Defining the optimal disease duration of early diffuse systemic sclerosis for clinical trial design.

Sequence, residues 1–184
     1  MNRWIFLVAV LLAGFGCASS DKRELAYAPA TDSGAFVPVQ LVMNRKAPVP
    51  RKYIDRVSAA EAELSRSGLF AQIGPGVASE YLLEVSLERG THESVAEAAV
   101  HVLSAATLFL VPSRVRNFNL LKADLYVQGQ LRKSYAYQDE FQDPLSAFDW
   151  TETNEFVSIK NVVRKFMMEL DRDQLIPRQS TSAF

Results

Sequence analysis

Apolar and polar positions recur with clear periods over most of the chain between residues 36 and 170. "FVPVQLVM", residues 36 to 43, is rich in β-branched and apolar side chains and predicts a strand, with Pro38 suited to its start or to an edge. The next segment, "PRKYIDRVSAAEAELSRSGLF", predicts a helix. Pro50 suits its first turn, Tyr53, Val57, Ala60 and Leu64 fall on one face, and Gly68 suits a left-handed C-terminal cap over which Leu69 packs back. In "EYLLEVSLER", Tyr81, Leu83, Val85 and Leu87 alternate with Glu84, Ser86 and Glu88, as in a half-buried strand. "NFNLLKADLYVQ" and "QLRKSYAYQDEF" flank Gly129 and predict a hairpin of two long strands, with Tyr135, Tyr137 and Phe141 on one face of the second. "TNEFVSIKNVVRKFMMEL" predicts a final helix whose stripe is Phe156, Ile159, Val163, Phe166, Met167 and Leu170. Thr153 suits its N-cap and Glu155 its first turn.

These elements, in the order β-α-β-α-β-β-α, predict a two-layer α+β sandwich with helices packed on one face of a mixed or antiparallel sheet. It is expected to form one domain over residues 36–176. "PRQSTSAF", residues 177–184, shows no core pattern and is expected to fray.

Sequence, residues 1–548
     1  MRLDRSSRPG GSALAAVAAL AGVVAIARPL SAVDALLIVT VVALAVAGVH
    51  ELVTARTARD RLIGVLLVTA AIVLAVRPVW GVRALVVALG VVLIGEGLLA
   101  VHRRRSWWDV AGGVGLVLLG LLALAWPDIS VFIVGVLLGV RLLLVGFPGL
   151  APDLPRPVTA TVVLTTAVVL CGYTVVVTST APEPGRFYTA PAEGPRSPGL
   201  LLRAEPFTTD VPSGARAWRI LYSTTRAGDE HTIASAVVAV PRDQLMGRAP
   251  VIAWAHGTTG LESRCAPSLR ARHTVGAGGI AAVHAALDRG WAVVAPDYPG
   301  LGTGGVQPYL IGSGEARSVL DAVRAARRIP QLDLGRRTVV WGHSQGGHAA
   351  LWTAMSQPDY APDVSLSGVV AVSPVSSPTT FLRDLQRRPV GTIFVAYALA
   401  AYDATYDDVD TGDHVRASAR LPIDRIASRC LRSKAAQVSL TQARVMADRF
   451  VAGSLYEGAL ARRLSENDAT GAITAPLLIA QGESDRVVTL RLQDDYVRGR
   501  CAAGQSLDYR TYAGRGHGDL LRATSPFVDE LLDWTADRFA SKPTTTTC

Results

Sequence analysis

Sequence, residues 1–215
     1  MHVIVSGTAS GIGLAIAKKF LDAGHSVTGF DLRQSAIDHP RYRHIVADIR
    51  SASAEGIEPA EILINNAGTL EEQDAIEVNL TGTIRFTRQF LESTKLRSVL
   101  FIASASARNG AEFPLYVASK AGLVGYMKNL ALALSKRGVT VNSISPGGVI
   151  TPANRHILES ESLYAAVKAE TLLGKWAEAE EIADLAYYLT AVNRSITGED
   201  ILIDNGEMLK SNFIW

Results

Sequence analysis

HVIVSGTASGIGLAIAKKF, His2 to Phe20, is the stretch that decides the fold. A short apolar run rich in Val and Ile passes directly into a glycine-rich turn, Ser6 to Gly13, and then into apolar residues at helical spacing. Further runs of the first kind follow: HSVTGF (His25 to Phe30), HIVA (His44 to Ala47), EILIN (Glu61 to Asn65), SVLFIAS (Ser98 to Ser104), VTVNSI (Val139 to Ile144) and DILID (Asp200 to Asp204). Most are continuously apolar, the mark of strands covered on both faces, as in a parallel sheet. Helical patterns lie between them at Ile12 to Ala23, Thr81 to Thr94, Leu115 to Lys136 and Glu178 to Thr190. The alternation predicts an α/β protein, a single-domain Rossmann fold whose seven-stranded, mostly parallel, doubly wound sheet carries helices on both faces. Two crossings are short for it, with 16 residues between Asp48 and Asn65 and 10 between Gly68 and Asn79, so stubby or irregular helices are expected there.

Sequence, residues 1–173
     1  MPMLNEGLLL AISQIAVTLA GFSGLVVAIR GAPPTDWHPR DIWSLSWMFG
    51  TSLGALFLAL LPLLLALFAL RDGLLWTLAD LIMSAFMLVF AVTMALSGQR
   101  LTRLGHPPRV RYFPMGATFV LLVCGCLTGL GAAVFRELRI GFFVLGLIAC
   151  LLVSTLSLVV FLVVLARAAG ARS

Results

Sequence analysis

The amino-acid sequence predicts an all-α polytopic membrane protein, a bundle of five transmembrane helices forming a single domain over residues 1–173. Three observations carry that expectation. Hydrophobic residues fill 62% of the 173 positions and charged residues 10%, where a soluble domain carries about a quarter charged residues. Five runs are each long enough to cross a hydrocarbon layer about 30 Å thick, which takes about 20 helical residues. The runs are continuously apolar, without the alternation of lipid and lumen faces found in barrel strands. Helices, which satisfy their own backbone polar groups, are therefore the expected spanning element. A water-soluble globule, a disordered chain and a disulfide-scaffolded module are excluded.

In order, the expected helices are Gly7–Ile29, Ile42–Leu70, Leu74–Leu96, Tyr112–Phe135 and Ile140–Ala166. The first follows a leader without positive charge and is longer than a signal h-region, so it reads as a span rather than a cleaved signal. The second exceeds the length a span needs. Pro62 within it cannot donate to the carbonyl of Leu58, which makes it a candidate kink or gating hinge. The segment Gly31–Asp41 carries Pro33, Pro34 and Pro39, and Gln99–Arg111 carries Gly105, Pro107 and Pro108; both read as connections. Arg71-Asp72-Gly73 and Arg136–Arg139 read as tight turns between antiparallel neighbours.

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Clinical trials in early diffuse cutaneous systemic sclerosis (SSc) using the modified Rodnan skin score (mRSS) as the primary outcome measure have most often been negative. We wanted to assess how the definition of disease onset (first SSc manifestation vs first non-Raynaud manifestation), and varying lengths of disease duration at trial entry as an inclusion criteria functioned. Our objective was to optimize trial inclusion criteria.We used the prospective, observational University of Pittsburgh Scleroderma Cohort to identify early diffuse SSc patients first evaluated between 1980 and 2015. All had <3 years from first SSc (n = 481) or first non-Raynaud manifestation (n = 514) and 3 or more mRSS scores. We used descriptive, survival and group-based trajectory analyses to compare the different definitions of disease onset and disease duration as inclusion criteria for clinical trials.There was no appreciable difference between using first SSc manifestation compared with first non-Raynaud manifestation as the definition of disease onset. Compared with other disease durations, <18 months of disease had >70% of patients fitting into trajectories with worsening cutaneous disease over six months of follow-up. Longer disease durations demonstrated the majority of patients with trajectories showing an improvement in mRSS (regression to the mean) over six months.Regardless of whether the first SSc or first non-Raynaud manifestation is used to define disease onset, duration of 

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